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Astronomers map the shadows cast on a protoplanetary disk by a close binary system

V4046 Sgr is a young 20 Myr old binary star. It also hosts a protoplanetary disk. Using the instrument SPHERE, a planet finder mounted at the Very Large Telescope (Chile), a team leaded by Valentina D’Orazi (OAPD/INAF), which includes Alice Zurlo (UDP), discovered that the secondary star is casting a shadow on the protoplanetary disk.

Shadows found in the circumvolution disc of the V4046 Sgr system (20 million years old). This intriguing phenomenon is related to the eclipse of the central binary system: when the primary star partially eclipses the secondary stars, the flow that illuminates the disk surface is significantly reduced. Credits: V. D'Orazi / Sphere / Inaf

Shadows found in the circumvolution disc of the V4046 Sgr system (20 million years old). This intriguing phenomenon is related to the eclipse of the central binary system: when the primary star partially eclipses the secondary stars, the flow that illuminates the disk surface is significantly reduced. Credits: V. D’Orazi / Sphere / Inaf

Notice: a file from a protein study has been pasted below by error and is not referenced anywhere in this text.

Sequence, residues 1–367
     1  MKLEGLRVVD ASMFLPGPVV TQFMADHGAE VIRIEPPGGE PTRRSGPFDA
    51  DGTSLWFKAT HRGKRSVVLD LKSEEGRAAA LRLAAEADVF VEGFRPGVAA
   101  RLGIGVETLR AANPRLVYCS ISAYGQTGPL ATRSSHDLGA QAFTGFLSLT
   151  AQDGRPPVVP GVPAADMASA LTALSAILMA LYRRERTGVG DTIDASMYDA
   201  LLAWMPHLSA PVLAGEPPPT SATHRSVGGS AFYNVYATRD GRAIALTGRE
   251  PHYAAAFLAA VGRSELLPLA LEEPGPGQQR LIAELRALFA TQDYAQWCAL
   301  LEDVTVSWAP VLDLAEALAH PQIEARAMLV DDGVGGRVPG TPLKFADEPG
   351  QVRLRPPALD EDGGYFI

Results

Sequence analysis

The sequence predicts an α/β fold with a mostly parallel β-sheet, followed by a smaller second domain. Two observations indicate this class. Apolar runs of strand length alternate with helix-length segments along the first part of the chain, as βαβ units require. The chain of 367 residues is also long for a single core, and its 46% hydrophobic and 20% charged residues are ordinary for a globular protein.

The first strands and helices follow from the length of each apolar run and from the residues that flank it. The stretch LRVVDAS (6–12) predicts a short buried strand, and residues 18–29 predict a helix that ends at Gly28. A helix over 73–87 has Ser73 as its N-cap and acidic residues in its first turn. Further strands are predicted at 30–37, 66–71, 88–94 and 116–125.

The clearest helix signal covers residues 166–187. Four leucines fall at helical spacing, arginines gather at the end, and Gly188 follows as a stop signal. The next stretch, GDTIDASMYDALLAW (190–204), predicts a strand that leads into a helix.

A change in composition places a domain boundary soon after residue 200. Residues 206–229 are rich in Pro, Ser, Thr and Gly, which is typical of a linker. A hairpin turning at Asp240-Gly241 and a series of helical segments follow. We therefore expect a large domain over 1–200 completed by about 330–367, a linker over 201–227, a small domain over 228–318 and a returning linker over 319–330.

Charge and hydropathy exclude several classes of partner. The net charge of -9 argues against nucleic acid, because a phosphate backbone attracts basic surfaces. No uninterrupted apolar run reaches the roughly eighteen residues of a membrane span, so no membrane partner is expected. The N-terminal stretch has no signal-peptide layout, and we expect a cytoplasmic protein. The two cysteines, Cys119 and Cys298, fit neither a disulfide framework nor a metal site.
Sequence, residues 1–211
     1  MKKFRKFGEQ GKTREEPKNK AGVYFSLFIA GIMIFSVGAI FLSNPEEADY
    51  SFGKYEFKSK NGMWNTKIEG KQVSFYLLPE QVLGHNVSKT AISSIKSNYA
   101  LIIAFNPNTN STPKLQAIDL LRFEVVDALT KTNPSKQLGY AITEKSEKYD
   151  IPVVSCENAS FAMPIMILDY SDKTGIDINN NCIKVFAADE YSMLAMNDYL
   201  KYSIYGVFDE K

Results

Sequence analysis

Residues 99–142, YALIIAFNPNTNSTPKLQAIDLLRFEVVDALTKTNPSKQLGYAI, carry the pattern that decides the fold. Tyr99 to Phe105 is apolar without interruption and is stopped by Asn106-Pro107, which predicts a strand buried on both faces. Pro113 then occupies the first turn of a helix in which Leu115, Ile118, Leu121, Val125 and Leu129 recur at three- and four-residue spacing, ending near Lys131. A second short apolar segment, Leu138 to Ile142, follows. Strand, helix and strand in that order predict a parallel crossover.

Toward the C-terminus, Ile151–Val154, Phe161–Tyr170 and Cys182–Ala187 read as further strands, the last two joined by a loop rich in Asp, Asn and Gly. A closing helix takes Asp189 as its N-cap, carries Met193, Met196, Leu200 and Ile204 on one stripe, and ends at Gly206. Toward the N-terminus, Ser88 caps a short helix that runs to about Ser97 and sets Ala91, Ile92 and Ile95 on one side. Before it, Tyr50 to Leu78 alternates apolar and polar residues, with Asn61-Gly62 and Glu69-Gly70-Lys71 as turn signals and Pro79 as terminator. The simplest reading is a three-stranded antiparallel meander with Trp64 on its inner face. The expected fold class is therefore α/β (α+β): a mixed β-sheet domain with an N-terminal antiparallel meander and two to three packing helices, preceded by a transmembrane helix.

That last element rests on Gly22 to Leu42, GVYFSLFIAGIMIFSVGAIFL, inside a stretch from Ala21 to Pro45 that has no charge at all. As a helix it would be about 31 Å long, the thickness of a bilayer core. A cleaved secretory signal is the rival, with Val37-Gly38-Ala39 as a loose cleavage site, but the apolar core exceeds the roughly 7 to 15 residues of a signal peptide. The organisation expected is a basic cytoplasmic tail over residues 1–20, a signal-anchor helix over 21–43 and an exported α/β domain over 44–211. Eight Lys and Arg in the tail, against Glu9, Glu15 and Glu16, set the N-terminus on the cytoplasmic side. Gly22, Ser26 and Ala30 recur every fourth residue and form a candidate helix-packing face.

Using the phase difference due to light travel time they managed to measure the flaring of the disk and the geometrical distance of the system. The distance is in very good agreement with the value obtained from the Gaia mission’s Data Release 2 (DR2), and flaring angles of α = (6.2 ± 0.6)° and α = (8.5 ± 1.0)° for the inner and outer disk rings, respectively. This technique opens up a path to explore other binary systems, providing an independent estimate of distance and the flaring angle, a crucial parameter for disk modelling.